In 2010, the Excellent Care for All Act (ECFAA) became law in Ontario.  One of changes that ECFAA brought was the establishment of Health Quality Ontario (HQO), a Crown agency accountable to the provincial government.

HQO has a broad mandate to monitor, report on, and lead improvement in the quality of health care in Ontario.  Specifically, HQO is accountable to

  • Monitor and report on how the health system is performing
  • Provide guidance on important quality issues
  • Assess evidence to determine what constitutes optimal care
  • Engage with patients and give them a voice in shaping a quality health system
  • Promote continuous quality improvement aimed at substantial and sustainable positive change in health care

Each year, HQO publishes a report on the performance of Ontario’s health system and the health of Ontarians.  The report, called Measuring Up, tracks progress of a set of quality indicators across six domains of quality - safe, effective, patient-centred, efficient, timely, and equitable. 

In last year’s report, several issues were identified for improvement.  Patient transitions from one part of the health system to another continue to need improvement, particularly for people experiencing mental health or substance use concerns and for those receiving palliative care.  Access to care continues to be an issue for many Ontarians, with only 43.6% of adults able to get appointments with their primary care provider the same day or next day.  There is also significant variation across the province.  If you live in northwestern Ontario, you are much less likely (23.8%) to be able to see your primary care provider within 48 hours of identifying a need.  Variation across the province can be seen in other areas too.  For example the percentage of long-term care home residents that were physically restrained ranged from a low of 2.3% to a high of 13.3%.

Multiple strategies are being used to achieve needed improvement.  The Ministry of Health and Long-term Care’s Patients First: Action Plan for Health Care outlines changes that are designed to improve access to care, particularly in home and community and primary care.  HQO is leading and supporting many initiatives including the development and recent release of three new standards to guide quality practice in Ontario.  The new Quality Standards ( ) have clinical guides for health practitioners and reference guides for patients and families.  Developed with input from both health providers and recipients of care, they are evidence-based sets of easy-to-understand statements that are intended to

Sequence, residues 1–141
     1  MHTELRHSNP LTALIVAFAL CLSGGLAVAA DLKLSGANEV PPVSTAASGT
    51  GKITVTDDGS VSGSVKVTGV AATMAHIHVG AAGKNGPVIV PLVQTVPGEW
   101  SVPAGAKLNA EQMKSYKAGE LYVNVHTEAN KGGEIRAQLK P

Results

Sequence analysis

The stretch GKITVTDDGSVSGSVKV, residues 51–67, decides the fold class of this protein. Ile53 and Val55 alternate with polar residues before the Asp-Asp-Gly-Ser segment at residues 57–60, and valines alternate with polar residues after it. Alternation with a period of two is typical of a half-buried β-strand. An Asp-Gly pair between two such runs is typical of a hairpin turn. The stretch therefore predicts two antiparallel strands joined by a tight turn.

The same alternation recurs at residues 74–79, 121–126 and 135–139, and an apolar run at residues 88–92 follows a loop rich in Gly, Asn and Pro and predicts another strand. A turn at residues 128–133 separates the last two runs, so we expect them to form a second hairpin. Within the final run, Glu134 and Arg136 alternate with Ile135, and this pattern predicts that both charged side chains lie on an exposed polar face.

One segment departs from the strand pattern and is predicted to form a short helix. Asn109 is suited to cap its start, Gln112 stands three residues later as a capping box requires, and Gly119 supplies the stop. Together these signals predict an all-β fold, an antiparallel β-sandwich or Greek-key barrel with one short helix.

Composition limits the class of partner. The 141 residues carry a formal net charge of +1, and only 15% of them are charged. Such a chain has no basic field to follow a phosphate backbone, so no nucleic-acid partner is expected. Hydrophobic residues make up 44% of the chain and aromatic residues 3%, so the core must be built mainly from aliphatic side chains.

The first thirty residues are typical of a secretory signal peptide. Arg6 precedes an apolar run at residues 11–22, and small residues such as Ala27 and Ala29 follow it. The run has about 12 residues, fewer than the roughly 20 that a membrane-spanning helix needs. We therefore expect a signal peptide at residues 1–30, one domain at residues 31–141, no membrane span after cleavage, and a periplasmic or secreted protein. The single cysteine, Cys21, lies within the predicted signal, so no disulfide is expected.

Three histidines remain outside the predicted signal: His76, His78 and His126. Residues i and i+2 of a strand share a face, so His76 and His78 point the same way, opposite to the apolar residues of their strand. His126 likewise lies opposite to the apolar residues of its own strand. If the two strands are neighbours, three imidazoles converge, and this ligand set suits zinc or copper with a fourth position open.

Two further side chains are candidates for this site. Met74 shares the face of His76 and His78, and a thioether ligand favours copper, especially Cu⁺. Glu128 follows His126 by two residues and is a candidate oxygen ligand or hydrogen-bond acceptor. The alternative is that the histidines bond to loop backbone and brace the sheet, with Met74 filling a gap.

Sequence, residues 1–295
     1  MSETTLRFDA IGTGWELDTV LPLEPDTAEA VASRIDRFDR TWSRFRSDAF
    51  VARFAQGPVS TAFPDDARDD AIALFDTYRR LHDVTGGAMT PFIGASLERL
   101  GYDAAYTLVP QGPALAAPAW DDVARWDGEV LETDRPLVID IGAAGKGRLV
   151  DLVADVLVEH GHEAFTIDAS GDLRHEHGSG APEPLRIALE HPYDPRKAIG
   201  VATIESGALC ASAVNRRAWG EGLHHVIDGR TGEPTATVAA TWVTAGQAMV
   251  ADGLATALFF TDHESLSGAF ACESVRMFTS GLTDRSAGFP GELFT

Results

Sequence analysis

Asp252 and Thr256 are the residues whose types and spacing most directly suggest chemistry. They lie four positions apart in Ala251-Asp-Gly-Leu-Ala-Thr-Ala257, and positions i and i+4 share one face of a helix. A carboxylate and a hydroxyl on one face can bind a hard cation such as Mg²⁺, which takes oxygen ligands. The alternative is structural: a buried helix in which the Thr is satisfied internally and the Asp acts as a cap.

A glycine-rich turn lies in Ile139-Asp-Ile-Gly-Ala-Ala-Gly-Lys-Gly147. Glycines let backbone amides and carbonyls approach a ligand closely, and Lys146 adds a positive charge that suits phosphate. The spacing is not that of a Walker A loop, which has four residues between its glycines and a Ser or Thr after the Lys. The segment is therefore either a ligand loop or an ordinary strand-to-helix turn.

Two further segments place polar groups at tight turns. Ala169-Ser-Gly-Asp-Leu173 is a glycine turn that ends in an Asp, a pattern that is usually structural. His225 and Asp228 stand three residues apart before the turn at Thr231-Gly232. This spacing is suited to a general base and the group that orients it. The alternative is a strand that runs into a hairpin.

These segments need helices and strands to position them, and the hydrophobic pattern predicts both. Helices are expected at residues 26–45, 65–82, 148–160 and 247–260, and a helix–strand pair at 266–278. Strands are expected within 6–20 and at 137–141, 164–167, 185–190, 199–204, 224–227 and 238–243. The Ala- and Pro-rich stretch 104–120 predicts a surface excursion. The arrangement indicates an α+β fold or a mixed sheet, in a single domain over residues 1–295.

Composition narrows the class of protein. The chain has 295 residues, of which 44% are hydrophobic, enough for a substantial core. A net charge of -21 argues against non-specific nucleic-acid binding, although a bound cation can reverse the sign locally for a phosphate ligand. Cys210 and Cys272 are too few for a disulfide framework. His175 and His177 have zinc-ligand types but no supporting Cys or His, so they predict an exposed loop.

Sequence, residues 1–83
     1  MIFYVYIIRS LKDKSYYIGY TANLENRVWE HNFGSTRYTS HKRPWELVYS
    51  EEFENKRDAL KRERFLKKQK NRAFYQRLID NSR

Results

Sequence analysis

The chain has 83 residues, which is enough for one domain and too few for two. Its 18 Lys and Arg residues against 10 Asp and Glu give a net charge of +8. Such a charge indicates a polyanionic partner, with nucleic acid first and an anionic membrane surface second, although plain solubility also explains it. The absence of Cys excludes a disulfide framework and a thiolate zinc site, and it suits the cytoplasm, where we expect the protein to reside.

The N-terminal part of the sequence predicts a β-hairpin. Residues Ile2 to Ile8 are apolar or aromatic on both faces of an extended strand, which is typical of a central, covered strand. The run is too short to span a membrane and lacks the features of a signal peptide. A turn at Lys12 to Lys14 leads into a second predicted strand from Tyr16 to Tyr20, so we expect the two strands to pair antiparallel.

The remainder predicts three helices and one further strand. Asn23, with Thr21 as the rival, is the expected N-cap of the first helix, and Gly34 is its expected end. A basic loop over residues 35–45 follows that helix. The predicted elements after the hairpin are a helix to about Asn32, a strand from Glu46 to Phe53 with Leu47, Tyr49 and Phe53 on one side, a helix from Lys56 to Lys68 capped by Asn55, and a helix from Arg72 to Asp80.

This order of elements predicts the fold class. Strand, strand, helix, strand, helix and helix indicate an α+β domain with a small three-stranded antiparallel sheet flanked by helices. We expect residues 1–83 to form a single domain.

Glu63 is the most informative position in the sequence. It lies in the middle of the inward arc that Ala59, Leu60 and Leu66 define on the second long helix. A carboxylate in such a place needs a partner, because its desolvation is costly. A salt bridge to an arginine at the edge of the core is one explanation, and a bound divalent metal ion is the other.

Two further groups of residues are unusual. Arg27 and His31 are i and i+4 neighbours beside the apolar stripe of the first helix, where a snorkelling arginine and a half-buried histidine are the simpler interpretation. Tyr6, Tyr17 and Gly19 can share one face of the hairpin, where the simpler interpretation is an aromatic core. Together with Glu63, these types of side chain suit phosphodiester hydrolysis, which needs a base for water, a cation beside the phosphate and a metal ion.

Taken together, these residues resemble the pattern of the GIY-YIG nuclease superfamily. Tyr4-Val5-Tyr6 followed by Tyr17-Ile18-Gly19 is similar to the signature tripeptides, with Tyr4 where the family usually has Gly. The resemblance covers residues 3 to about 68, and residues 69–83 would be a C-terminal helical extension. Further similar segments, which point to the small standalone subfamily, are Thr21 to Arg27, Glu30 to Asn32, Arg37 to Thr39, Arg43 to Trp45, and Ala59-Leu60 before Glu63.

• Help patients, residents, families, and caregivers know what to ask for in their care (patient reference guides)
  • Help health care professionals know what care to offer, based on evidence and expert consensus (clinical guides)
  • Help health care organizations measure, assess, and improve the quality of care they provide
  • Help ensure consistent, high quality care across the province so that all Ontarians receive the best possible care.

These first three Quality Standards address some of the areas for improvement identified in the 2016 Measuring Up report and will be useful to many nurses working in a variety of settings.  They are:

  1. Behavioural Symptoms of Dementia: Care for Patients in Hospitals and Residents in Long-Term Care Homes
  2. Major Depression: Care for Adults and Adolescents
  3. Schizophrenia: Care for Adults in Hospitals

Ontario’s RPNs can participate in the Quality Standards program in a number of ways.  First of all by being familiar with the standards that apply to your areas of practice and helping to implement these in your health care organization, you can play an important role in improving the standard of care for patients and families and reducing variation across settings.  You can also suggest other topics to HQO for the development of new Quality Standards.  98% of Ontario’s RPNs provide direct care to patients and families. They have vital knowledge and expertise to contribute to quality care.  RPNs can apply to be a member of a Quality Standard Advisory Committee to help with the actual development of new standards.  At the time of publication of this article, HQO had posted a call for applications for advisory committee members for standards related to Chronic Obstructive Pulmonary Disease as well as Osteoarthritis.  Secondly, when a new draft Quality Standard is developed, HQO posts the draft for feedback.  RPNs can review draft standards and provide constructive feedback to HQO about the draft.

Striving for quality practice…we’re better together!


Barbara Jones
Director, Nursing Innovation

Category: Special FeatureDate: Wednesday, June 28, 2017